Tuesday, October 03, 2006

Time to Vote...or Not

You can tell when it's election season. The leaves are starting to change colors, there's a chill in the air, and mud is getting slung all over the television. As a result, I hate election season. No, I like the colorful leaves and the chilliness in the morning, but the negative political ads make me a little puky. It's a shame that no one running for office has stances on any issues anymore; they only know every thing that their opponent has done wrong in their lives...or at least it seems that way to me. "Vote for me because that other guy/lady is a moron with no ethics whatsoever. Here's exactly how bad of a person he/she is." And so on. One particular set of ads have been running for months and months for someone named Judy Baar Topinka, and the tagline, "What's she thinking?" Not, "Vote for me and here's why," but, "You can't vote for her because she's that stupid. (paraphrased)" And I still don't know who she is or what she is running for. These types of ads - and the ones for prescription drugs - almost make me want to stop watching TV...but Prison Break keeps bringing me back.

We did a teaching last week at The Porch. We are in the midst of a series we titled GodSpace: A Space for God (modeled after the popular MySpace website). The idea is, what does it look like when you give God space in your life. The focus last week was on the Comments section, specifically, when you give God control of your life, how is your tongue/speech/comments affected? We found ourselves in James 3, where the tongue is compared to a bit that controls a large horse, a rudder that controls a large ship, and a spark that can start a huge fire. It can do a lot of damage, and it can do a lot of good. If you can control our tongue, it makes controlling the rest of you that much easier.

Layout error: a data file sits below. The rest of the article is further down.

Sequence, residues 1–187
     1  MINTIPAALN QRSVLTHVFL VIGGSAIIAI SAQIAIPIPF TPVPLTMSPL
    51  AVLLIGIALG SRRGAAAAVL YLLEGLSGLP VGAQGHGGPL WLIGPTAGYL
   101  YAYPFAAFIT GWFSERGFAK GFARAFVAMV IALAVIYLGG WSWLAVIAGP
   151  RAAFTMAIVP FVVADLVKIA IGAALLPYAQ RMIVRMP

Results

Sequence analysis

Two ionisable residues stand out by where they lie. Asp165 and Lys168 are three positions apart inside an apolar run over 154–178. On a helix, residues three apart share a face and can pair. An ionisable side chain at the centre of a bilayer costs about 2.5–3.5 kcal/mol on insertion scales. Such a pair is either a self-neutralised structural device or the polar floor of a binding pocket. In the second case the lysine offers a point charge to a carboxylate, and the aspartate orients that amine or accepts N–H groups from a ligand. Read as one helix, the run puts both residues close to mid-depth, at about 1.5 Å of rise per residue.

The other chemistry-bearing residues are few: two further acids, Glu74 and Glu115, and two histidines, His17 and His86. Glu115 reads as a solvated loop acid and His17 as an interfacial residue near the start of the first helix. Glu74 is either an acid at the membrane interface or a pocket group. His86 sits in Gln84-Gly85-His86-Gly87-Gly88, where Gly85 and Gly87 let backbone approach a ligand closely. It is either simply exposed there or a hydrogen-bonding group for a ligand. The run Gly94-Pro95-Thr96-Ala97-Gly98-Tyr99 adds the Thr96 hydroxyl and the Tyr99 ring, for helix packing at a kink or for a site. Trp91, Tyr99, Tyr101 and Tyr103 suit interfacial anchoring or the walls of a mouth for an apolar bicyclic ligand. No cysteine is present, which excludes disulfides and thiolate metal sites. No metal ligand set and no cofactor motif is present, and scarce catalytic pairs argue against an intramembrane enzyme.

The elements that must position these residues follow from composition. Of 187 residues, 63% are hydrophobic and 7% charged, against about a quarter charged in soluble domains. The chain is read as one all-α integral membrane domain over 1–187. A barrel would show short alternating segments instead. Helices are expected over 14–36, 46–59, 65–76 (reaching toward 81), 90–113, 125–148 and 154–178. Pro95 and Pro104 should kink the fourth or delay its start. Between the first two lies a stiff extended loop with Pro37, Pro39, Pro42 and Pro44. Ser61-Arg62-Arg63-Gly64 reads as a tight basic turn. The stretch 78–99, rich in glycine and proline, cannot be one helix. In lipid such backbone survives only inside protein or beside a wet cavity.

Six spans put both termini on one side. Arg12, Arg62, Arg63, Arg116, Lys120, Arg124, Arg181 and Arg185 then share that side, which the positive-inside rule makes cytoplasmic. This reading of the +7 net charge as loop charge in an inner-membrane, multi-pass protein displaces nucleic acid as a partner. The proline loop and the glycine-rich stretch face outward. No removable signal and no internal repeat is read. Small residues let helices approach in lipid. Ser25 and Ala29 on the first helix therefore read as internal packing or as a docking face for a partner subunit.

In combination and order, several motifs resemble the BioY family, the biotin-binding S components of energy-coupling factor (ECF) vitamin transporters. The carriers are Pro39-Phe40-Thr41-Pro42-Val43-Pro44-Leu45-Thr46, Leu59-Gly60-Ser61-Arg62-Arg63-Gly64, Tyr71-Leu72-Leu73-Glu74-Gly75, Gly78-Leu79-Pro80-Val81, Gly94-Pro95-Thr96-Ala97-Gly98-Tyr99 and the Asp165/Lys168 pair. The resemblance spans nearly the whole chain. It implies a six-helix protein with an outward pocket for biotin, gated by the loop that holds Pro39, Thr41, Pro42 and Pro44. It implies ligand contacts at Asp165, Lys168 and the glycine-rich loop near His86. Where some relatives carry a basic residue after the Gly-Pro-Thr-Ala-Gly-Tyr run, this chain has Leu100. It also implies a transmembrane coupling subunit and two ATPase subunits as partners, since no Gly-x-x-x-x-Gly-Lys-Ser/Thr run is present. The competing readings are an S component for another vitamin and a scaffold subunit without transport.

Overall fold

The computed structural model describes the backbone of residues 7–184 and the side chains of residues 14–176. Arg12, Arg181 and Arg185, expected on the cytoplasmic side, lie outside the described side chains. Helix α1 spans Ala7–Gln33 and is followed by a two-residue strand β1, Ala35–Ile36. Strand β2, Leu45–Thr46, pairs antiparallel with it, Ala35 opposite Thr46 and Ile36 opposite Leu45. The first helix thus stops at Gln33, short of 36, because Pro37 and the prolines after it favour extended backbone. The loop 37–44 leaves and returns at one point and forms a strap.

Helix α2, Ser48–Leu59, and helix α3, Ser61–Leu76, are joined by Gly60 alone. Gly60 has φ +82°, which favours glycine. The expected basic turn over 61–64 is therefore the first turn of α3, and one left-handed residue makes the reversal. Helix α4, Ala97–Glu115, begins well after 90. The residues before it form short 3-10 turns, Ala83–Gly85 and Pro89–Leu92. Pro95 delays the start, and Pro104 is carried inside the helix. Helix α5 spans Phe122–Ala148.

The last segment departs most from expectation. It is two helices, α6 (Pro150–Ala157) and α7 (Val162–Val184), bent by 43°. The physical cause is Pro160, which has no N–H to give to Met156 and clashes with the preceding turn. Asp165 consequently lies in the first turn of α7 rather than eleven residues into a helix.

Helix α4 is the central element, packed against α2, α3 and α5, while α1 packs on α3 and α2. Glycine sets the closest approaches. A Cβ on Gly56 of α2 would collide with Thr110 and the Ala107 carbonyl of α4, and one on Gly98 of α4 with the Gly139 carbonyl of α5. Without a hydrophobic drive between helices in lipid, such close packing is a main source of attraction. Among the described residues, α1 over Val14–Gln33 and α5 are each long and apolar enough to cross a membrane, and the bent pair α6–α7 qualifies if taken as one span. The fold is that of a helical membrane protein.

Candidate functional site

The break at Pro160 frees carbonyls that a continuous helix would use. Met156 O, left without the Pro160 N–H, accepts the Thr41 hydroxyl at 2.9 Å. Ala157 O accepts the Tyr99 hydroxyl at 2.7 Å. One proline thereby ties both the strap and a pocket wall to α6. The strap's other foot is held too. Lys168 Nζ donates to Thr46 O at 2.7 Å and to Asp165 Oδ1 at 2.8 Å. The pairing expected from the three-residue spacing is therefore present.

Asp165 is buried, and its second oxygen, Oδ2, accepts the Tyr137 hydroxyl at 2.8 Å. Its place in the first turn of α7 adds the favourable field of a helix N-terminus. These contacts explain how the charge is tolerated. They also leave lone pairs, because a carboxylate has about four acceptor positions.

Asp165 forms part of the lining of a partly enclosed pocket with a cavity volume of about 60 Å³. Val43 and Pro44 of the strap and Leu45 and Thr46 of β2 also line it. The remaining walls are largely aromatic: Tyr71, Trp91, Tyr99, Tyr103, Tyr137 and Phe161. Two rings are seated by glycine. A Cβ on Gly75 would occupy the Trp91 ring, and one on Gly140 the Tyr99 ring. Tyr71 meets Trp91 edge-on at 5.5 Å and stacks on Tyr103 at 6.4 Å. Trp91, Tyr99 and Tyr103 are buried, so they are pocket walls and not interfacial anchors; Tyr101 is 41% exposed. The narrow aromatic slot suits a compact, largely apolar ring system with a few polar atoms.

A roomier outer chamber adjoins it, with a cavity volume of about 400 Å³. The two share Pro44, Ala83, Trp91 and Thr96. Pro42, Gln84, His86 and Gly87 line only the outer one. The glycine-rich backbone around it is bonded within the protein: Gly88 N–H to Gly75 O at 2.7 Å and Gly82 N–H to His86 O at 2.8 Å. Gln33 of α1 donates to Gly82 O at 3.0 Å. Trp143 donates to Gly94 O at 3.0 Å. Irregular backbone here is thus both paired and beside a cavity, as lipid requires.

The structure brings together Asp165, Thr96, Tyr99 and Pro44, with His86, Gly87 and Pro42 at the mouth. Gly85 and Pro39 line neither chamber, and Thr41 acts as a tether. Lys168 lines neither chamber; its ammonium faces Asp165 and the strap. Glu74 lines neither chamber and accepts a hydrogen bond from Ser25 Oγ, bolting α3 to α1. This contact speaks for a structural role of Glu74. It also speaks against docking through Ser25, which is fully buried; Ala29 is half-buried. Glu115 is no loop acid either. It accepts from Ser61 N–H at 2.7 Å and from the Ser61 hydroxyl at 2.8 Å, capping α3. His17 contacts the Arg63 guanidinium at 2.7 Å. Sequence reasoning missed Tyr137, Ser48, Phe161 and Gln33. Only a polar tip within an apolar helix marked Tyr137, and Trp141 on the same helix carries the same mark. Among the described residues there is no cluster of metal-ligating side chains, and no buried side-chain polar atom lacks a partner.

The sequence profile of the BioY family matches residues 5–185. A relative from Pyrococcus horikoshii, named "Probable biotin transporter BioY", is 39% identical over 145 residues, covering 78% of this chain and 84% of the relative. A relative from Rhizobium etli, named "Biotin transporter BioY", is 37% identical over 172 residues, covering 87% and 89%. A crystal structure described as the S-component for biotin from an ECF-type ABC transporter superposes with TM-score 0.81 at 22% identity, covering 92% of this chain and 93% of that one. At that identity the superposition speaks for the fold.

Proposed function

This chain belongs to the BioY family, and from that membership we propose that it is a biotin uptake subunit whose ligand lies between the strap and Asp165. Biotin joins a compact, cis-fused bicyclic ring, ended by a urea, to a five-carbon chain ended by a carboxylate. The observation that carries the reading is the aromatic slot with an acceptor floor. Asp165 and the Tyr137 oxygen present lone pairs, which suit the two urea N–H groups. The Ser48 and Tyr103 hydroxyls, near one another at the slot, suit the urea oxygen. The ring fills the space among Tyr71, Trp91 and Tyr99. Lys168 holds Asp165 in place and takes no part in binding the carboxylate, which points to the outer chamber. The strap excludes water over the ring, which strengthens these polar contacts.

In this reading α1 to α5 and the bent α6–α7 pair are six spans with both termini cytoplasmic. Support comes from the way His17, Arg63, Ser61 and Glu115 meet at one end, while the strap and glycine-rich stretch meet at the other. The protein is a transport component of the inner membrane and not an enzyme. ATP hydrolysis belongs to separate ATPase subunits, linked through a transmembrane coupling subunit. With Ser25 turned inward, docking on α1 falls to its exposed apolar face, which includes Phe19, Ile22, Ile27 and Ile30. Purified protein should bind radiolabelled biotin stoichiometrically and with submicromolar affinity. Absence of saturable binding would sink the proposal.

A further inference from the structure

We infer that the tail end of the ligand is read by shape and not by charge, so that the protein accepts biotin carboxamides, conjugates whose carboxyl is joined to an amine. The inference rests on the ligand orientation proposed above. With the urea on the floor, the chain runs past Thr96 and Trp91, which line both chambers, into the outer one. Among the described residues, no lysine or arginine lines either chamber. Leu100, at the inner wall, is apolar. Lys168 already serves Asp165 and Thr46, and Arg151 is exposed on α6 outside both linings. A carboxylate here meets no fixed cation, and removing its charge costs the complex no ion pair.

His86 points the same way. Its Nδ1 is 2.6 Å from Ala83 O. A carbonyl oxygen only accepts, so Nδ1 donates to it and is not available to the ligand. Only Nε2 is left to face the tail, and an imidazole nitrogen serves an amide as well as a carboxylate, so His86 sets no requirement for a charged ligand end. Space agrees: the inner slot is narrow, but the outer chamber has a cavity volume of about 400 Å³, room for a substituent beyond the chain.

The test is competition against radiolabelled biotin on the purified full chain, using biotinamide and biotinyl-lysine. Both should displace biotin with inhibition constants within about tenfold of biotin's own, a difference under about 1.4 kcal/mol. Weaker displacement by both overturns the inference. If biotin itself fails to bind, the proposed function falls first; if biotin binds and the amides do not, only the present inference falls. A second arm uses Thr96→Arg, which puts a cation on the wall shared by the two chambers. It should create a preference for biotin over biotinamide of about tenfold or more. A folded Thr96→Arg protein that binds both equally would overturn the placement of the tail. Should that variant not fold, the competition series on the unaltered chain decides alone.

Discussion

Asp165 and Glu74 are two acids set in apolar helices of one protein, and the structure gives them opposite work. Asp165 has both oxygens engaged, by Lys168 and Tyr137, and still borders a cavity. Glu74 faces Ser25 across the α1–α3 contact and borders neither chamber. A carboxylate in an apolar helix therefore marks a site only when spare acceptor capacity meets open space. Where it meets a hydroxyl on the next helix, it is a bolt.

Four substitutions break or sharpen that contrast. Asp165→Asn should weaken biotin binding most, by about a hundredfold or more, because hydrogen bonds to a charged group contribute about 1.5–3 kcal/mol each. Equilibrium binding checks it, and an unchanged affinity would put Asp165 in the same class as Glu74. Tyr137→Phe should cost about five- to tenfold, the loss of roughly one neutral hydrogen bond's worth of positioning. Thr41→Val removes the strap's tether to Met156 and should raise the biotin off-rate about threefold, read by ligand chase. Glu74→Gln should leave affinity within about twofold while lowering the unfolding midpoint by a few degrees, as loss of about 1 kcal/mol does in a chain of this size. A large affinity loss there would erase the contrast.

As I thought about this teaching, I thought back to my repulsion for political ads. I had this thought: What if we chose to not vote for anyone that ran attack ads on their opponent? By voting for the individuals that "approved this message," are we not saying, "I condone your methods of advertising"? I would have a hard time looking the attacked opponent in the eye and saying, "I agree with all of the awful things that [my candidate] said about you." If we made that kind of a stance, with massive support behind it, we might actually have some ads aired that were helpful and informative, instead of nasty and dirty. Granted, that kind of movement is more than this lowly blog could ever generate. So the more applicable question is, if we each made that stance, to not vote for anyone that ran negative, attacking policital ads, would we have anyone to vote for? Or have they all gone over to the dark side?


Kyle S said...

Yeah, I really don't like negative political ads. I'm sure that the person that is running the ad has just as shady a political history (or history in general) as his/her opponent. Our country is too divided politically--it makes it hard to get much of anything accomplished.

Anonymous said...

I dont like negative political ad either. Also Fitz please update. You can do it about the amazing Cardinals!

Casey Mehner said...
This comment has been removed by a blog administrator.
Casey Mehner said...

dude,fitz...update ur blog...o and hey im just bored and wanted to bug u...cya at church...o and tell the little man(collin) i said..YO!

Casey Mehner

Eric Lanier said...

I am actually part of a group launching a test version of www.godspace.com in about a week. Right now we have a blog up.

We are a safe Christian alternative for social networking and our goal is to use social networking to allow people to find faithful community in their area with more ease. Once they create a social network they can attend church with their friends, easily find people to form Bible studies, or just get together to hang out.

I thought you may find it interesting in light of this post. Please feel free to shoot me an email with questions at admin@godspace.com and check out www.godspace.com.

God Bless you in your ministry,
Eric Lanier